UBC Theses and Dissertations
The City of Vancouver’s industrial land use planning in a context of economic restructuring Logue, Scott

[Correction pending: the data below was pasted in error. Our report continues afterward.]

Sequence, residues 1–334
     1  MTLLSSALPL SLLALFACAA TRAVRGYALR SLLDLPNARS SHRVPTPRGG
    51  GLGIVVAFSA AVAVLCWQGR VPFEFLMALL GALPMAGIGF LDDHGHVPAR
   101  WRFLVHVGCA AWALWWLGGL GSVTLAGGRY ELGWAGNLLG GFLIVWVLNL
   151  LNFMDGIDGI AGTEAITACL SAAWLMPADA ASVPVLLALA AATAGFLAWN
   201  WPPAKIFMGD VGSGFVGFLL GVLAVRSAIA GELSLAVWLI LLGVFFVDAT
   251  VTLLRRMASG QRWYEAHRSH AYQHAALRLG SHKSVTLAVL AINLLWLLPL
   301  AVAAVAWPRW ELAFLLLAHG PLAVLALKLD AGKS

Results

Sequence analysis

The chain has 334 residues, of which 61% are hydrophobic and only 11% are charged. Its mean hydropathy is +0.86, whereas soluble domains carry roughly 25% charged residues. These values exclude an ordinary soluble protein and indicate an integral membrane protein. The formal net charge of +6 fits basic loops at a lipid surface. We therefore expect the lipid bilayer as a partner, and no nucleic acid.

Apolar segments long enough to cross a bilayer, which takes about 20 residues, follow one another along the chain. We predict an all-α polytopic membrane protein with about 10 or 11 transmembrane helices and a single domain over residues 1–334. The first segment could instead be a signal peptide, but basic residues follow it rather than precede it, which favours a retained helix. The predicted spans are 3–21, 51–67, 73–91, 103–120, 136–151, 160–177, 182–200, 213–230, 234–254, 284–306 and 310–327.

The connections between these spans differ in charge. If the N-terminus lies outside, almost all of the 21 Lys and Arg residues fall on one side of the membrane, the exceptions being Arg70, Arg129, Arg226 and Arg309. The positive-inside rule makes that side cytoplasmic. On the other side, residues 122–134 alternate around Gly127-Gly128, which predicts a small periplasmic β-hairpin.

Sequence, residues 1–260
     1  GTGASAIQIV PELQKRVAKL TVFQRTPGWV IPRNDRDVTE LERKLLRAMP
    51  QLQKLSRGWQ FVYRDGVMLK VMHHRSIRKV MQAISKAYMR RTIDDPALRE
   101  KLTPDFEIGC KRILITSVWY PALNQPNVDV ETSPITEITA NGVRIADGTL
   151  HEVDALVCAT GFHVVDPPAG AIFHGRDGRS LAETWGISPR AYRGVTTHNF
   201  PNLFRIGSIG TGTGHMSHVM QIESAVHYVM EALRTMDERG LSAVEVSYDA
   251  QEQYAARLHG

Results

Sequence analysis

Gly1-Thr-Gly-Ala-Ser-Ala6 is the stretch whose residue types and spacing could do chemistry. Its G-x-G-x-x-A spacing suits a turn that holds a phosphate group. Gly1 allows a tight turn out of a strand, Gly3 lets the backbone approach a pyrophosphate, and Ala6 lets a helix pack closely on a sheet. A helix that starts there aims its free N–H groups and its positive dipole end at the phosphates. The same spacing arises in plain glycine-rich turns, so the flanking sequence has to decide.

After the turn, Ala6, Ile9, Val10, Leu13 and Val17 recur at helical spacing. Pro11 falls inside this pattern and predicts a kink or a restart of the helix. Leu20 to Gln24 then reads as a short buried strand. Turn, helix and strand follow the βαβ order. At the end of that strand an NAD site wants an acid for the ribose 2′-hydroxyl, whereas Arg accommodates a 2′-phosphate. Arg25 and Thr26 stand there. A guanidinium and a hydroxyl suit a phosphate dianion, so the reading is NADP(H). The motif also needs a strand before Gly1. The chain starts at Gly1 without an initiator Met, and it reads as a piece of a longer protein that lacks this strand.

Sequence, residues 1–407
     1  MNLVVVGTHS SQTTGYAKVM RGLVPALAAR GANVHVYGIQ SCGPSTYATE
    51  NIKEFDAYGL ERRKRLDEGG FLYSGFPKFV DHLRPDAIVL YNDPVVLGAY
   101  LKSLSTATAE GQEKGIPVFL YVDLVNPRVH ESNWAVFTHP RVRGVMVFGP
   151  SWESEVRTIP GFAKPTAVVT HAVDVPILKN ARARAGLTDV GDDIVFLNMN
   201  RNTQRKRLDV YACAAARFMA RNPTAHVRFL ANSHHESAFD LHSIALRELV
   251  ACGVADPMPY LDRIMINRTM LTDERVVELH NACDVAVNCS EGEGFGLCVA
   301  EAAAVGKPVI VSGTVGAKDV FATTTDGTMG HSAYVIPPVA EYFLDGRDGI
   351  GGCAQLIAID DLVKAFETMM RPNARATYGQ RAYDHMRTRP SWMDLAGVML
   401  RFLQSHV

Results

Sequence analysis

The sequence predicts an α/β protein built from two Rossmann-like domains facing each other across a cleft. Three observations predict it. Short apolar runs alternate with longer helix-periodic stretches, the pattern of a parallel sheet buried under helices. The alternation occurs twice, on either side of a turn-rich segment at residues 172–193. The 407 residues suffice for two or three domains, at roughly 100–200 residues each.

Industrial land use and economic policy created by the City of Vancouver between 1968 and 1991 is analysed within a context of economic restructuring to illustrate how these types of policies may be improved. Within this time frame, the City of Vancouver had three distinct periods of policy development that were largely delineated by local political and economic factors. The first period was characterised by a liberal-based civic party in control of the local administration, a healthy urban economy, and a post-industrial sentiment that did not support the industrial community and resulted in a significant decrease in the city's supply of industrial land. In the second period, an increasingly left of centre local government was forced to contend with the poor economic conditions of the early 1980s; consequently, the industrial sector and the economy as a whole received considerable attention and support from the local government. The third period was characterised by the re-birth of post-industrialism and a right of centre administration with little interest in economic planning or maintaining an industrial sector in the City of Vancouver. The main lessons to be drawn from this policy analysis are (1) that the modern economy will continue to change rapidly and generate significant consequences and challenges for civic governments, (2) there are benefits to planning for the future rather than simply accommodating change as it happens, (3) the short sighted agendas of politicians need to be tempered by an assessment of the long term consequences of policy development and implementation, (4) there needs to be co-operation between the region's numerous public bodies to ensure complementary policy development across municipal boundaries, and (5) governments need to be proactive and engage in economic planning during both growth and recessionary economic periods in order to embrace new economic opportunities as they arise, mitigate the negative consequences that change often generates, and help produce strategic visions for planning purposes.
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